A Companion to Philosophy of Religion

A Companion to Philosophy of Religion

A Companion to Philosophy of Religion

A Companion to Philosophy of Religion

Synopsis

In 85 new and updated essays, this comprehensive volume provides an authoritative guide to the philosophy of religion.
  • Includes contributions from established philosophers and rising stars
  • 22 new entries have now been added, and all material from the previous edition has been updated and reorganized
  • Broad coverage spans the areas of world religions, theism, atheism, , the problem of evil, science and religion, and ethics

Excerpt

This Companion, like the first edition, is a guide to philosophy of religion for nonspecialists, but it will also engage specialists. When the first edition was published in 1997, there was nothing else like it in print. It is a testament to the success of that edition that this second edition emerges in a crowded field. Such crowding is not necessarily bad. There is strength in numbers because no single collection can hope to cover all there is to cover in a field as rich and diverse as philosophy of religion. Our challenge as editors of a second edition was both to retain and build on the strengths of the first edition and to add brand-new material that separates the new edition from its ancestor and from the rest of the field. To that end, we not only updated and reorganized the chapters in the first edition, but also added more than 20 new chapters.

One of the unique parts of this edition is the last one, which is called “Current Trends and New Directions.” It contains new essays on Wittgensteinian philosophy of religion (by John Whittaker), continental philosophy of religion (by John Caputo), evidentialism (by Richard Swinburne), and philosophical reflection on mysticism (by Anthony Perovich). These are combined with updated chapters on theological realism and antirealism, reformed epistemology, feminism, philosophical reflection on scripture and revelation, religious pluralism, and comparative philosophy of religion.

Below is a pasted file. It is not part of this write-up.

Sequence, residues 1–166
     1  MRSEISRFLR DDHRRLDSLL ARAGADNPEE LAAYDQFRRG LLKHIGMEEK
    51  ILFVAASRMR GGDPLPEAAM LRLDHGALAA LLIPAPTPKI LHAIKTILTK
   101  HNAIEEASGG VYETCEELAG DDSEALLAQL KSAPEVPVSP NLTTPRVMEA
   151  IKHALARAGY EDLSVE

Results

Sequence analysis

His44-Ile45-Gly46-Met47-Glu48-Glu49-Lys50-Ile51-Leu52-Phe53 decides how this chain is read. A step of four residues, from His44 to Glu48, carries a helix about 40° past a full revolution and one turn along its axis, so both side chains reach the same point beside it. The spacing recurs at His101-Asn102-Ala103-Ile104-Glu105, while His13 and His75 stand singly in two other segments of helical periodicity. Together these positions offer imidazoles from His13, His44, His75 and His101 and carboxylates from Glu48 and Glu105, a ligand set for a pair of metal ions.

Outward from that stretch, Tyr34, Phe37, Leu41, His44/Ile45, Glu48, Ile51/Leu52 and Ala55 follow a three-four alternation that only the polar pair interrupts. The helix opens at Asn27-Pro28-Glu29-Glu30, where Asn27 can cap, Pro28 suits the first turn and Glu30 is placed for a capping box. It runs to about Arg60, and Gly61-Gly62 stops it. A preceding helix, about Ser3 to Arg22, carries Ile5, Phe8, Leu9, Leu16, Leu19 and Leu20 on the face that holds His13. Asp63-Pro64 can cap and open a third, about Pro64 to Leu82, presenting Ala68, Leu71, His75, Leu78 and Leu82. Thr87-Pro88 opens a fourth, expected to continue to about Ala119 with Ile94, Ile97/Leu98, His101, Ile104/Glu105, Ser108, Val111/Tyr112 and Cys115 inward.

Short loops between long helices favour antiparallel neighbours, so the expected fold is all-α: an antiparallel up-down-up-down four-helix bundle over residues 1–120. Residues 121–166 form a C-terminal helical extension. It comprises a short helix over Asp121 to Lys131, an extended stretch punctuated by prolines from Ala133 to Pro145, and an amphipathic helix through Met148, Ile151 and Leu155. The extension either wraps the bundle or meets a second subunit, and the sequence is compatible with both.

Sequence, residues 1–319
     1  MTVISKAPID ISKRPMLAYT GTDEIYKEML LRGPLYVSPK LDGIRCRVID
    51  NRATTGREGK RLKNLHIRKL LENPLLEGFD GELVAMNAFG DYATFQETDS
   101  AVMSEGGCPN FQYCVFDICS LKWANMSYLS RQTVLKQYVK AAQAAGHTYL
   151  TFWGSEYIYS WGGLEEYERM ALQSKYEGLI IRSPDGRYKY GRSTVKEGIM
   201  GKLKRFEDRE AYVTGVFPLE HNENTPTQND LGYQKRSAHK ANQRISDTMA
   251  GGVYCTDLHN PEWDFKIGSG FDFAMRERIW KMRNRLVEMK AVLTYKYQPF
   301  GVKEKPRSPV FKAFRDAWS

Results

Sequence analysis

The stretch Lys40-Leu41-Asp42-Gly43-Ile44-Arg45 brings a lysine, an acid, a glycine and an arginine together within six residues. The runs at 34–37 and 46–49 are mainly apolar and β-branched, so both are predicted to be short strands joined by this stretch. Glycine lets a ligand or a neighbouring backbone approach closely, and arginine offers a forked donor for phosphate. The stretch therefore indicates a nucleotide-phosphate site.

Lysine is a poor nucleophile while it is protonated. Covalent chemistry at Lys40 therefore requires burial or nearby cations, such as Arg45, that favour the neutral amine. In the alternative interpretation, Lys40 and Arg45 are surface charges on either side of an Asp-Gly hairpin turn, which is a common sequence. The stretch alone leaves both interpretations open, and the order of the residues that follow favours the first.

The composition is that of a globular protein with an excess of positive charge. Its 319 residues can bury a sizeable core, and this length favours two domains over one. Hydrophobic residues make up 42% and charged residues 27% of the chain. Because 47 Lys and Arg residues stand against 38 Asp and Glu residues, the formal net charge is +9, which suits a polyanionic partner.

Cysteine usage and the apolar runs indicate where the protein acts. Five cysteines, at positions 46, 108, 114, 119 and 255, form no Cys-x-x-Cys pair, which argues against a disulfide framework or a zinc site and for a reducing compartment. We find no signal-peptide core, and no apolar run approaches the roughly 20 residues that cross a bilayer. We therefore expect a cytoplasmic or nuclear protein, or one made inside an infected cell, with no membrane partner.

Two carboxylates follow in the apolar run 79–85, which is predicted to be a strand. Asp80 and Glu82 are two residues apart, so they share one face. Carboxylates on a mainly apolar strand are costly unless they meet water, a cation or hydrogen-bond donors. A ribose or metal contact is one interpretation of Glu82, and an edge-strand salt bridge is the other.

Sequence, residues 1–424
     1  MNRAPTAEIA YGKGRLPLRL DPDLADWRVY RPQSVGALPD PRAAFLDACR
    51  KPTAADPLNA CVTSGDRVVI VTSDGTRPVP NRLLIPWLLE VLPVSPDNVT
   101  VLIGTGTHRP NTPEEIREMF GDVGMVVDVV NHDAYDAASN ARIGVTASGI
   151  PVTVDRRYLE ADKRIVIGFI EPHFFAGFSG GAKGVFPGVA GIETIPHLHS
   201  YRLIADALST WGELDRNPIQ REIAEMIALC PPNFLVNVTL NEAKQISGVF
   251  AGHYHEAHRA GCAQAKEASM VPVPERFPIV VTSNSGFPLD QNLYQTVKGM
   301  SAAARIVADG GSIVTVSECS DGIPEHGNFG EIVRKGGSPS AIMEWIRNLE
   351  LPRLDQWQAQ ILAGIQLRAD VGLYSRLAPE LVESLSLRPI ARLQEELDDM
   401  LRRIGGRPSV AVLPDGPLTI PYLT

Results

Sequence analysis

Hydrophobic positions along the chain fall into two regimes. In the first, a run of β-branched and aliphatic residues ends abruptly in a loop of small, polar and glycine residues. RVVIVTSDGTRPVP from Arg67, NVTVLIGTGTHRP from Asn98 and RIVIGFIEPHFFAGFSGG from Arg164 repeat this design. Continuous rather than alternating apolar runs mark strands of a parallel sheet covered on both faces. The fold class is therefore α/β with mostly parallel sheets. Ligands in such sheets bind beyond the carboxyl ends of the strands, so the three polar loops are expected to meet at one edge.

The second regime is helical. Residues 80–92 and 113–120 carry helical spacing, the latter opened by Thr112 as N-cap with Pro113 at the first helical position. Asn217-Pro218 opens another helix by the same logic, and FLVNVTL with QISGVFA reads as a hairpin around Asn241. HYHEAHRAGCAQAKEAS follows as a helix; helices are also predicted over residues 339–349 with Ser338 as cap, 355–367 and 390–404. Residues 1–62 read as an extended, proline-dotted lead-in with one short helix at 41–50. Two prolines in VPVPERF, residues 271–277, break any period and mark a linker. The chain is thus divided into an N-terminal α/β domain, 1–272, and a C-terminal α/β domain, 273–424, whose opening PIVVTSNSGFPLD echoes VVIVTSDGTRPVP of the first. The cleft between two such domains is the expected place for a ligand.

One of our main goals for this new edition was to include more atheistic and other non-theistic perspectives. Coverage of non-theistic religious perspectives was enhanced by adding new chapters on Hinduism (by Jonardon Ganeri), on pantheism (by Michael Levine), and on reincarnation and karma (by Paul Reasoner). More ambitiously, five new chapters discuss challenges to the truth of theism: Michael Martin on theism and incoherence, Klaas Kraay on the problem of no best world, Michael Peterson on the logical argument from evil, Graham Oppy on the evidential argument from evil, and John Schellenberg on divine hiddenness. In an act of contrition, three new chapters on the justification of theistic belief were also added: one by Peter van Inwagen on ontological arguments, one by Stewart Goetz on arguments from consciousness and free will, and one by one of us (Draper) on cumulative cases for theism. A chapter by Samantha Corte on the ethics of agnostic religious commitment is also new.

We also added chapters at the beginning of certain parts of the book when they were needed to introduce that part. For example, in the first edition, the part on the concept of God included chapters on a variety of specific “divine attributes,” but provided no . . .

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